I agonized over this post more than any in memory. I am not completely cynical, and the presidents I address, even the worst of them, also did things worthy of the office. I came back to this post a dozen times after I wrote it to ask myself, “Do I really want to say these things?” The answer is, “No.” But I will say them anyway, because the truth is the truth.
Presidents Day. Humm.
We used to celebrate Lincoln’s birthday and Washington’s birthday, and ignored the rest of them. That wasn’t such a bad system. It allowed us to avoid linking Andrew Jackson with his betters.
How about our recent Presidents? Should we celebrate them?
John Kennedy. I have a friend who grew up in Boston and would punch out anyone who spoke against JFK, but let’s tally up what he really did. He lost the Bay of Pigs by abandoning the Cuban insurgents he had encouraged. He faced Khruschchev over the Cuban Missile crisis so let’s give credit for that, but he also sent Americans to Vietnam. Kennedy supporters claim he would have pulled out, if he had lived, but who knows. The jury will always be out of what might have happened.
Lyndon Johnson. He has massive accomplishments pushing through Kennedy’s programs and his own War on Poverty, but he also lied to the American people, lied to Congress, and conducted a secret war including massive bombings outside Vietnam. He, and Nixon after him, are responsible for over three million unnecessary deaths. There is no responsible way to avoid calling him a war criminal.
Richard Nixon. Watergate, of course; it hardly needs repeating. He also opened up China and got us out of Vietnam by declaring that our defeat was a victory, and then running like hell. I really don’t know what else anyone could have done by that time, but why did he wait all those years and waste all those lives before telling the Big Lie? Maybe to win a second term.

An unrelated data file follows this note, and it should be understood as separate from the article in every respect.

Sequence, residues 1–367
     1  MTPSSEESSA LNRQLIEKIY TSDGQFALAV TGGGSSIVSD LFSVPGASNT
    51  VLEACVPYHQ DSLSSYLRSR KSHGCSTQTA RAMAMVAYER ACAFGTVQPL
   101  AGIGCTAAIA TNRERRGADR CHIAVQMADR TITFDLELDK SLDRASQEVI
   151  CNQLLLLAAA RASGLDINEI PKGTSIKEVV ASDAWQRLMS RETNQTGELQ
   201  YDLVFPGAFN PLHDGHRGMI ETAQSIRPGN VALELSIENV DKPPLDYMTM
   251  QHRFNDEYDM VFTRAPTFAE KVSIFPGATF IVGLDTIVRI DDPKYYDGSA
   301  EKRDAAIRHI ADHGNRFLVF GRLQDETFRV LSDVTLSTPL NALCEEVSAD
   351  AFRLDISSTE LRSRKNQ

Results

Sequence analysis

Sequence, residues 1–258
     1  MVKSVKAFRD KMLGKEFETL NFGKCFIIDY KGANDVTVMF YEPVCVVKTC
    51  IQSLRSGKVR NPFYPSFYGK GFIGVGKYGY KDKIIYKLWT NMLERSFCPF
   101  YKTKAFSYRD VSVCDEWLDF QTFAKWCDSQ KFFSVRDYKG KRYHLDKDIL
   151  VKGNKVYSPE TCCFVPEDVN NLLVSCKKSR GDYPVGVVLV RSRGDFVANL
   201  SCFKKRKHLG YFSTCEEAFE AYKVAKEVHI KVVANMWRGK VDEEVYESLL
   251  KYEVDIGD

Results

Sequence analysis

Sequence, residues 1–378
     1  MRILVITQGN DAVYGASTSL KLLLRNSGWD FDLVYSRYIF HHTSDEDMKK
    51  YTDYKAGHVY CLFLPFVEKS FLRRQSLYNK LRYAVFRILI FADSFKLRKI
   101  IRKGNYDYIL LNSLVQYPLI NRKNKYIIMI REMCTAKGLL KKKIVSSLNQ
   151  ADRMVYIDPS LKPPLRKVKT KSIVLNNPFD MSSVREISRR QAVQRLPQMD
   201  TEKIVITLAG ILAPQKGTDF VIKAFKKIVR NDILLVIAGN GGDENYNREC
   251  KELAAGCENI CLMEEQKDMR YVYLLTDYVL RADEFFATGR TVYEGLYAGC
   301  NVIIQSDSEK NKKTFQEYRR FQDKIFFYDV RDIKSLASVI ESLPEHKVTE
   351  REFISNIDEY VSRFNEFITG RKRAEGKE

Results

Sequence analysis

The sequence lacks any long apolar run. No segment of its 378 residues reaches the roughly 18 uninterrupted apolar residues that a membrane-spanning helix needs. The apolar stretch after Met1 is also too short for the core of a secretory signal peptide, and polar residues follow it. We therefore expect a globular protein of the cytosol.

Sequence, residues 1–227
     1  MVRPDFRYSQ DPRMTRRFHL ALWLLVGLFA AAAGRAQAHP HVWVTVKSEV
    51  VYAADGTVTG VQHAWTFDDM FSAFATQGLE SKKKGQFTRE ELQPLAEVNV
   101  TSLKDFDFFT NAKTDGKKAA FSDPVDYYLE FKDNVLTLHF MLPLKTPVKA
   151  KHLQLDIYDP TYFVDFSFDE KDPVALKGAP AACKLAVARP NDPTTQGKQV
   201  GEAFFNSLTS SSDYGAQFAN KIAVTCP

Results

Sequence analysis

Gerald Ford. They say his pardon saved the country from division and heartache. I say it only gave later Presidents bad ideas that should have been squelched fifty years ago by trying Nixon for his crimes.
Jimmy Carter. An attack on an embassy is an attack on American soil, but Carter sat impotent in the White House through the Iran hostage crisis.
Ronald Reagan. Tax cuts for the wealthy. Trickle down economics that never trickled down. Also the Iran-Contra affair in which Regan himself avoided punishment but fourteen members of his administration were indicted.
George H. W. Bush. “Read my lips.” Actually, going back on his promise regarding taxes was an act of courage that probably cost him a second term. That honorable act was sullied when he pardoned those convicted in Iran-Contra.
Bill Clinton. Plenty of good ideas, but we just remember him as the man who couldn’t keep his hands to himself.
George W. Bush. “Brownie, you’re doing a heck of a job”, and other stumble-statements too numerous to list and too painful to remember.
Barack Obama. I like the man, but I spend eight years cussing under my breath at some of the foolish things he did.
Donald Trump. I once said I didn’t consider Trump evil, just foolish. Subsequent events suggest that I was probably wrong. His fake declaration of emergency pretty much clinches matters.
Were these the best men in America?
Let’s celebrate President’s Day by taking a hard look at what’s coming our way in 2020. They don’t all look good. Let’s vow to make better choices for the future.
Lincoln and Washington, where are you?